Port Cinema

Main Street,
Harwichport, MA

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Additional Info

Previously operated by: Hoyts Theatres, Interstate Theatres Corporation

Previous Names: Modern

Nearby Theaters

Port Cinema

Summer venue on Cape Cod, Mass. Ran year-round for a few years.

Contributed by Richard Doane

Recent comments (view all 19 comments)

MrFLXYZPTLK on April 5, 2007 at 10:20 pm

I stand corrected. That makes it open from 1926 on.
There was no marquee; only a glassed in poster display on either side of its “porch-like” entrance. I know for a fact that some rich, summer kids (“yachties”) started stealing the more diserable posters in the mid-to-late 1970’s (“Rocky” comes to mind) to take back to their college dorm rooms at summer’s end. After replacing the poster display glass several times, the manager (old Howard Ellis) had to resort to stapling a plain placard with the movie and its MPAA rating written in magic marker in lieu of the actual poster(s).

MrFLXYZPTLK on April 5, 2007 at 10:35 pm

a slot on the Port Cinema’s candy machine was labeled “Pot Pourri!”. It was the last slot on the right and I assume it was for all of the oddball candy bars that were left over from filling the regular slots. Feeling bold one Saturday afternoon, I gambled a dime, pulled the plunger, and a Sky-Bar fell out with a piece of paper rubberbanded to it. Upon closer inspection, it was revealed to be a free movie pass that had expired three years prior.
I brought it home and my father made sure that they honored it, expiration date not-withstanding. I’m sure he pointed out that it was the least they could do after allowing children to buy (and eat) two-year-old-plus candybars!

MrFLXYZPTLK on April 6, 2007 at 10:48 pm

My late father (who summered in Harwichport from 1921 until buying our year-round home there in 1964) was a regular patron at The Modern in the 1920’s and 1930’s. I remember him telling me that it was “quite ornate” in its heyday and had “moving clouds projected against a painted night sky” as its ceiling. Nice. Sounds like a Maxfield Parrish painting.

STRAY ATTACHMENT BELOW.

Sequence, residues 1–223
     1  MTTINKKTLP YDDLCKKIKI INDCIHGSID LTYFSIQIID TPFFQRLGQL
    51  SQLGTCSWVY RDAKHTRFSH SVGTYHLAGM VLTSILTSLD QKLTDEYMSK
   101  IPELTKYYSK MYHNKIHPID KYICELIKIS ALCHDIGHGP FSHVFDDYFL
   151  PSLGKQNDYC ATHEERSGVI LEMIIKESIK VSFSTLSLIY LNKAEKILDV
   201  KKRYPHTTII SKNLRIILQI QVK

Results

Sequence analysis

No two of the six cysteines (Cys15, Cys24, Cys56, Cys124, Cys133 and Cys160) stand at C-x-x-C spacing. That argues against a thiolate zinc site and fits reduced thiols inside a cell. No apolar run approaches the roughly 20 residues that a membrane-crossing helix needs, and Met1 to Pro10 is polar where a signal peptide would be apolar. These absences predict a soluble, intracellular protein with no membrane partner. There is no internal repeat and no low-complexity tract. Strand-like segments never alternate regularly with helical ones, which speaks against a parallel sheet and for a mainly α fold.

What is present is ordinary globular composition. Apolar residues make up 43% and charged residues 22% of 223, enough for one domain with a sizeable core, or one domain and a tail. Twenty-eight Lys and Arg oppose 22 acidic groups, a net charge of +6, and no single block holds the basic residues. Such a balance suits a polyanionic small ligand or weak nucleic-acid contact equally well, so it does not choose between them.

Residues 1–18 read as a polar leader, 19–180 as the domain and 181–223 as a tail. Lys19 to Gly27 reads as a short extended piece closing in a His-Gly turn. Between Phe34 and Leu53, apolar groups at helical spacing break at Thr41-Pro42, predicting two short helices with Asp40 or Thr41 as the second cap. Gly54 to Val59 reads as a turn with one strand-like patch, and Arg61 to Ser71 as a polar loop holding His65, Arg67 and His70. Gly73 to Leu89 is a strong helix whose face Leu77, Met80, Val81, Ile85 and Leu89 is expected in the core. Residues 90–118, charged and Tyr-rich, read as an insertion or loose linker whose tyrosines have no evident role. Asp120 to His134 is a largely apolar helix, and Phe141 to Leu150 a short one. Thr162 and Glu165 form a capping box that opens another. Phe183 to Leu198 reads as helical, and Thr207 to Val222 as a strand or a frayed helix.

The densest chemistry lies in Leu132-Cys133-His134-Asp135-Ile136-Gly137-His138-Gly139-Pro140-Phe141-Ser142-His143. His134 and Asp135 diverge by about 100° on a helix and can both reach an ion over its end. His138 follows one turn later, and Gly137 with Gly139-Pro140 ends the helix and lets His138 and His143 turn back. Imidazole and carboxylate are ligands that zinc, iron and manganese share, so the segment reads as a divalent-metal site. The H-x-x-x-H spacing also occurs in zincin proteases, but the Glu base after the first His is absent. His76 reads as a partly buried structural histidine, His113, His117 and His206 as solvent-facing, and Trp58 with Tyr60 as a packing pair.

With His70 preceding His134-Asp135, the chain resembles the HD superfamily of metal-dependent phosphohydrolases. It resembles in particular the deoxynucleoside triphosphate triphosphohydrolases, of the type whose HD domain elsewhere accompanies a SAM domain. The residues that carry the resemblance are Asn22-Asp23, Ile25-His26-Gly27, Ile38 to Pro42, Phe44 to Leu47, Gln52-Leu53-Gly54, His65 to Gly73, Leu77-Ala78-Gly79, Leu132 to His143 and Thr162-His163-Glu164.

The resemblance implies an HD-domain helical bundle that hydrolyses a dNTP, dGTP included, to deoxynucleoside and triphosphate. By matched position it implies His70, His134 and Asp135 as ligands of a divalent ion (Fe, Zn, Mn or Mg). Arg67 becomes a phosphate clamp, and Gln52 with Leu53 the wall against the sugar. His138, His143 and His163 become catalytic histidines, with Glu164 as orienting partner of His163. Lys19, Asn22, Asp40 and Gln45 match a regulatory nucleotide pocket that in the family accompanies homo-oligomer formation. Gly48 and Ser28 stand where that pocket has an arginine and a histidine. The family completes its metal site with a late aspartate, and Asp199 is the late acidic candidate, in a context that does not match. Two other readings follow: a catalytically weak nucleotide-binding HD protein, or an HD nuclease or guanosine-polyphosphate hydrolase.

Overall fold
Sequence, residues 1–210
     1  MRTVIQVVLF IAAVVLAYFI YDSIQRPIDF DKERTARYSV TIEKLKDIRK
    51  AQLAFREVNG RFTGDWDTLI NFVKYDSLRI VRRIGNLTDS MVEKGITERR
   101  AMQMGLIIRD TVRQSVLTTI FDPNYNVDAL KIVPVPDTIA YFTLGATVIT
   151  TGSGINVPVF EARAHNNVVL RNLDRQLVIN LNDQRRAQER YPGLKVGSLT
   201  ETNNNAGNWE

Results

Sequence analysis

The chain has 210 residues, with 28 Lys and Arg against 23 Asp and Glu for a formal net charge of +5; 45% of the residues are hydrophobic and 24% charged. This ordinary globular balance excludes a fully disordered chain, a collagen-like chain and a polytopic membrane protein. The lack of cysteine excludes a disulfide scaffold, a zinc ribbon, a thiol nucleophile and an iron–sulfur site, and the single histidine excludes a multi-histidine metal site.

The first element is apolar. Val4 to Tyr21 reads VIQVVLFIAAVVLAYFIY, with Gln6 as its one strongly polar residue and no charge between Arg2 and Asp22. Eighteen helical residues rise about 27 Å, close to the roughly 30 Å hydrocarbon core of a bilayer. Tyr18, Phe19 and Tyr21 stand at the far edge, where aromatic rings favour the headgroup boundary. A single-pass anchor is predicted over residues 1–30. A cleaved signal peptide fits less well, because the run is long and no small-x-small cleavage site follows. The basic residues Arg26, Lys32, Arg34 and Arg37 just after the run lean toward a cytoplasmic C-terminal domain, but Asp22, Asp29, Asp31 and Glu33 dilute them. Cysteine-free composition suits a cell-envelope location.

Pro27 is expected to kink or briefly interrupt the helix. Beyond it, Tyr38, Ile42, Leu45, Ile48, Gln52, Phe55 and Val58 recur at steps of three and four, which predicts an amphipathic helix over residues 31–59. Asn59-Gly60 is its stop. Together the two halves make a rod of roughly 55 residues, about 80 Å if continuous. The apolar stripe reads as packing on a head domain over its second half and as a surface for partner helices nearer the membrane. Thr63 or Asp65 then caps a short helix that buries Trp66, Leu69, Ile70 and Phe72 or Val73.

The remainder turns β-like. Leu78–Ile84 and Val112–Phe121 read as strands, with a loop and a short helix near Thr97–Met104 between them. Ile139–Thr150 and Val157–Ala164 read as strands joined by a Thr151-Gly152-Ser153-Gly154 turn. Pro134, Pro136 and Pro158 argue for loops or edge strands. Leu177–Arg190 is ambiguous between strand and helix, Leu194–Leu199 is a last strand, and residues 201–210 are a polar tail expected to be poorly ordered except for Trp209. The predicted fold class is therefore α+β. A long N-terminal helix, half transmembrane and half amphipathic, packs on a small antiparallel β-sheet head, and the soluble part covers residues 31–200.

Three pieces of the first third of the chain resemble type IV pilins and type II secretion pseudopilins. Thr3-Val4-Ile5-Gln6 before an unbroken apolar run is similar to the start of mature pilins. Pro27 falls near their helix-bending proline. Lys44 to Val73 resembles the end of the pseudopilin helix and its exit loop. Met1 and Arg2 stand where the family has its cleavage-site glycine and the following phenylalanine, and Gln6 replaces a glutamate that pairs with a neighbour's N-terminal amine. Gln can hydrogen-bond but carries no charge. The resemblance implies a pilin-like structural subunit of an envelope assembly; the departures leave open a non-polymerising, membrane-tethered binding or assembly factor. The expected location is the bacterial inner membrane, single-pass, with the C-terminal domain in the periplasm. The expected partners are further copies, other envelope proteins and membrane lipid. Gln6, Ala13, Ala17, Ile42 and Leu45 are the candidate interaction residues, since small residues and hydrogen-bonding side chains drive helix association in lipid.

MrFLXYZPTLK on April 6, 2007 at 10:55 pm

I remember standing in front of “Minnie’s” (or, as it was named long before: “Wattie B’s”: a taxi stand/general merchandise store/newsstand named after the owner, Watson B. Eldridge) across the street from the Modern with my pal, Jodi Irish. I was, like, four or five, so it must have been 1966 or thereabouts. We watched as they hoisted up and constructed the new, huge, dark green and corrugated “Port Cinema” facade.

MrFLXYZPTLK on April 6, 2007 at 11:00 pm

It was rumored that old Howard the Manager helped himself to any “paper money” that came back to his office via the Jimmy Fund bucket. This has been since comfirmed by two ex-Port Cinema ushers.

MrFLXYZPTLK on April 6, 2007 at 11:06 pm

In Spring ‘77, I met up with several classmates behind the 'Port with the intention of all of us sitting together and seeing “Star Wars” for the first time. We had been partying beforehand and nature called so I excused myself and darted behind a dumpster. While indisposed, my “friends” all ran around to the front entrance; forcing me to sit alone in the sold-out theatre. It was uncomfortably warm and I was pretty wasted. Halfway through the movie, I became convinced that the lady in the seat behind me was stabbing me in the neck with a pin.

MrFLXYZPTLK on April 10, 2007 at 2:05 pm

someone posted earlier that “this theater would be packed with vacationers. It seemed to me that the film would change every few days.” This is quite true. There was not a lot to do in Harwichport other than go see a movie (or send the kids off to see one, while the adults guzzled their Tom Collins on the patio) once the sun went down on the beaches and everyone had finished their last dinnertime fried clam at Thompsom’s Clam Bar (pronounced: “Clam Baaaaah”)
I think the movie changed as often as weekly or bi-weekly.
The theatre was always packed and a line would form early and stretch to the front of the Pilgrim Congregational Church nextdoor. As teenagers, we would occassionally scream the ending of a film at the people waiting in line as we drove by on Rt 28, just to be jerks.

badabing on April 14, 2010 at 11:22 pm

That crack about old Howard helping himself to any “paper money” is a lie! He loved to collect money for the Jimmy Fund and he would never steal a dime of it!

Don Lewis
Don Lewis on July 18, 2010 at 11:23 am

From Harwichport a vintage postcard view of the Modern Theater before it became the Port Cinema.

rsalters (Ron Salters)
rsalters (Ron Salters) on November 9, 2010 at 12:54 pm

As the Modern, this theater is listed in the 1927 Film Daily Yearbook as having 592 seats and open 3 days per week.

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